According to a survey by AARP, in 2013, about 40 million Americans served as unpaid family caregivers, often while working or going to school. The survey estimates that these caregivers spend an average of 18 hours per week performing their caregiving duties—which can include anything from watching over the finances, to seeing to it that pills are taken, to cooking, bathing, and cleaning.
All of these caregivers will feel the inescapable stress of the job. Some end up feeling depressed, overwhelmed, and resentful and may even develop their own health problems. Others will find that caring for another provides them with a deep sense of enrichment. They feel satisfaction, knowing that they are meeting challenges and having a positive impact on the health and well-being of their family member. Is there something to be learned from the way these people approach caregiving? What are the secrets of these successful caregivers?
The simple act of staying positive can have a major impact on emotional and physical health, keeping stress and the havoc it wreaks at bay. Successful caregivers manage to look on the bright side of their daily challenges. They may find humor in their work, show compassion, take pride in what they are doing, and incorporate healthy strategies into their day.
Caregivers have a lot to keep track of. Successful caregivers know that having a system to respond to daily priorities, as well as the emergencies, can reduce stress and free up time for things they enjoy. These caregivers stay on the ball with master folders and emergency contacts lists to keep vital information at their fingertips; they use family calendars to keep everyone in the loop; they find ways to ensure medications are taken; and they take time to plan and set realistic goals for what they must accomplish.
Successful caregivers know that they are an indispensable member of the health care team. They do their best to learn about their loved one’s medical condition. Some may research medical information online. Others make the most of medical appointments by asking the right questions. These caregivers often grow into the role of patient advocate: making sure their family member is getting regular check-ups and seeing specialists when necessary; checking for possible side effects from medications; and alerting health care workers of any changes they notice at home.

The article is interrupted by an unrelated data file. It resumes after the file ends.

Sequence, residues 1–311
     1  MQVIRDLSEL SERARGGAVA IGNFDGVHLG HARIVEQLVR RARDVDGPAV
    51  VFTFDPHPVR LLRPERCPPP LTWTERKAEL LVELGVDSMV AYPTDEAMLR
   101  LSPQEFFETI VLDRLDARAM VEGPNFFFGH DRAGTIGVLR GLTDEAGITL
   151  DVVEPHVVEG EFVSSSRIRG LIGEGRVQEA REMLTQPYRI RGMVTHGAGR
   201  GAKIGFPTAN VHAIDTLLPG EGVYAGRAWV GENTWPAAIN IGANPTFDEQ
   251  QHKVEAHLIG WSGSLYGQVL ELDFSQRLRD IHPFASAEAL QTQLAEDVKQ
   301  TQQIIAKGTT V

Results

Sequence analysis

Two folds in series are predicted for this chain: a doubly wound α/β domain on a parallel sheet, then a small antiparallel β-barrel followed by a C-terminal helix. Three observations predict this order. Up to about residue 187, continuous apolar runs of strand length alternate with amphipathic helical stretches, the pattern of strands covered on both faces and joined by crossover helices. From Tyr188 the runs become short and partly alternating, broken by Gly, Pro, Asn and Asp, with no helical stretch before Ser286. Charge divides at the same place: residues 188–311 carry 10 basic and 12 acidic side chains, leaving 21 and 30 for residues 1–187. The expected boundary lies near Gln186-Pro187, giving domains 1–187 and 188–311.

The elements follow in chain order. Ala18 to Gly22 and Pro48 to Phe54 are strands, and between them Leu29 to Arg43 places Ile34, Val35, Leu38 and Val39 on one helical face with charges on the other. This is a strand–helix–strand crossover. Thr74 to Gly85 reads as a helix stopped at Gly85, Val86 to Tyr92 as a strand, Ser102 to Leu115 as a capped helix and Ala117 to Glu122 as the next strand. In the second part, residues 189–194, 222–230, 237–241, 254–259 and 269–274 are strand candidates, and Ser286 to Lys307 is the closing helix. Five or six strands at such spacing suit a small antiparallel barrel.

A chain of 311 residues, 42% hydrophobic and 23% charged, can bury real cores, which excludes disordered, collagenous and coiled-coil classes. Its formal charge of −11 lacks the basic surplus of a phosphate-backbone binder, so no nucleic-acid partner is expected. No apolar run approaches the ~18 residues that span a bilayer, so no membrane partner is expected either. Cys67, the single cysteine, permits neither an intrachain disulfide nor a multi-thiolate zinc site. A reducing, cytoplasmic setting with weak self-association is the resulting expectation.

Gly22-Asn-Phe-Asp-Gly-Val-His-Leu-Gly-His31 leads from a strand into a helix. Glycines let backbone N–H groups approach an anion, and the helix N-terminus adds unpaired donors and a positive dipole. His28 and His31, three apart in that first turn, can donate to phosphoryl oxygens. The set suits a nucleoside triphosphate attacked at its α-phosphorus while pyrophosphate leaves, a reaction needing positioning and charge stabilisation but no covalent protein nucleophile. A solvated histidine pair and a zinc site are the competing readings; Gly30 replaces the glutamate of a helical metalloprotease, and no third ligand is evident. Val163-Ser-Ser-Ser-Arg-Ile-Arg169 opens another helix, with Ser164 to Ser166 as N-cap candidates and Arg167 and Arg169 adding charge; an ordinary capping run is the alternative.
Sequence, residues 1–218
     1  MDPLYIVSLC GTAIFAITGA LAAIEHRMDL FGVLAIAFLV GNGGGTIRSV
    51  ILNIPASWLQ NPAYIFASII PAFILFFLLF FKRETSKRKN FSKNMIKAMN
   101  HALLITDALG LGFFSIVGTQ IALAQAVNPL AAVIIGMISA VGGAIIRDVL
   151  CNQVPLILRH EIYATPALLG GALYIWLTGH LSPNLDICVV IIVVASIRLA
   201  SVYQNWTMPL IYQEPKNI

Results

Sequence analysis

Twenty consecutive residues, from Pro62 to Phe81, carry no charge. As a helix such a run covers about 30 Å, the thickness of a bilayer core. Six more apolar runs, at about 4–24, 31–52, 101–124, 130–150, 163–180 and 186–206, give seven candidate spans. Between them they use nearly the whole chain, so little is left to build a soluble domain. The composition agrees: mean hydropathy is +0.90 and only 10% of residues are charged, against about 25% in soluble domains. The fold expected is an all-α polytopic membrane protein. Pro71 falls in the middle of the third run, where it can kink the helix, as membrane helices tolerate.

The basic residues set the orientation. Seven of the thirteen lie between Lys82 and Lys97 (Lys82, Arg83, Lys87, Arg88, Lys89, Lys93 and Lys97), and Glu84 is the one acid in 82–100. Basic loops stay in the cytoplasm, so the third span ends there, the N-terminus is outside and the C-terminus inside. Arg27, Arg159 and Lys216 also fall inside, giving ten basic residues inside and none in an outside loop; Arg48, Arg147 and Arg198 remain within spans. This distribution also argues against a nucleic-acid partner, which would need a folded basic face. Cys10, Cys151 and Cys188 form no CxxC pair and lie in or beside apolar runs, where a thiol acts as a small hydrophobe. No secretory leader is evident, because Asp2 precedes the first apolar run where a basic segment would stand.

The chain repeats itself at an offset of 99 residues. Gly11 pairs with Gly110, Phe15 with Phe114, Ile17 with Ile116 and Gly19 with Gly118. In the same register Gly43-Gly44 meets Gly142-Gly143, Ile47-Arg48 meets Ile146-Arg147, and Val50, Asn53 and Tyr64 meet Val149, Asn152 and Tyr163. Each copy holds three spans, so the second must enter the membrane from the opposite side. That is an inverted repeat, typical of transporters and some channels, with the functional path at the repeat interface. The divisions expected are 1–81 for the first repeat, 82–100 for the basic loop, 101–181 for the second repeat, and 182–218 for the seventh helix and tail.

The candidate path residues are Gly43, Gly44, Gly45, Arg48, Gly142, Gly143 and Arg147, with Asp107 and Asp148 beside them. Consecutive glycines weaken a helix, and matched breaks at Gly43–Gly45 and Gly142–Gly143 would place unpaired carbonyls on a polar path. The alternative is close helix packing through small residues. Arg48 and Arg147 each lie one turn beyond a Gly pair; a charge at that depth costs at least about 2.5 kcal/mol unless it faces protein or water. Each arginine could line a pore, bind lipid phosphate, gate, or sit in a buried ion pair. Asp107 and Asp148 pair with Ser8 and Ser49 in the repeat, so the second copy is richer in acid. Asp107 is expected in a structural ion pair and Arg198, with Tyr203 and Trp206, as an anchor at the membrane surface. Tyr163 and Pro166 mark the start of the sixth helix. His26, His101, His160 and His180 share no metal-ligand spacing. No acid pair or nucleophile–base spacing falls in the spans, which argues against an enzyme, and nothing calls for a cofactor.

Caregivers often forget to take care of themselves, which can make them vulnerable to a number of health problems. Successful caregivers understand that caring for themselves is another part of the job. They manage to carve out time to do something they enjoy, whether it’s a night out with friends or a night in with a good book. Some might work with their boss to adopt a more flexible work schedule or to see what benefits might be available to lessen their load. Most combat stress and anxiety with relaxation techniques like meditation, exercise, and healthy eating. They get regular check-ups to ensure their health is on track. And, perhaps most importantly, they reach out when they need to—enlisting the help of family, friends, care professionals, and support services. All of these things allow them to experience the emotional rewards and lasting benefits of caring for another.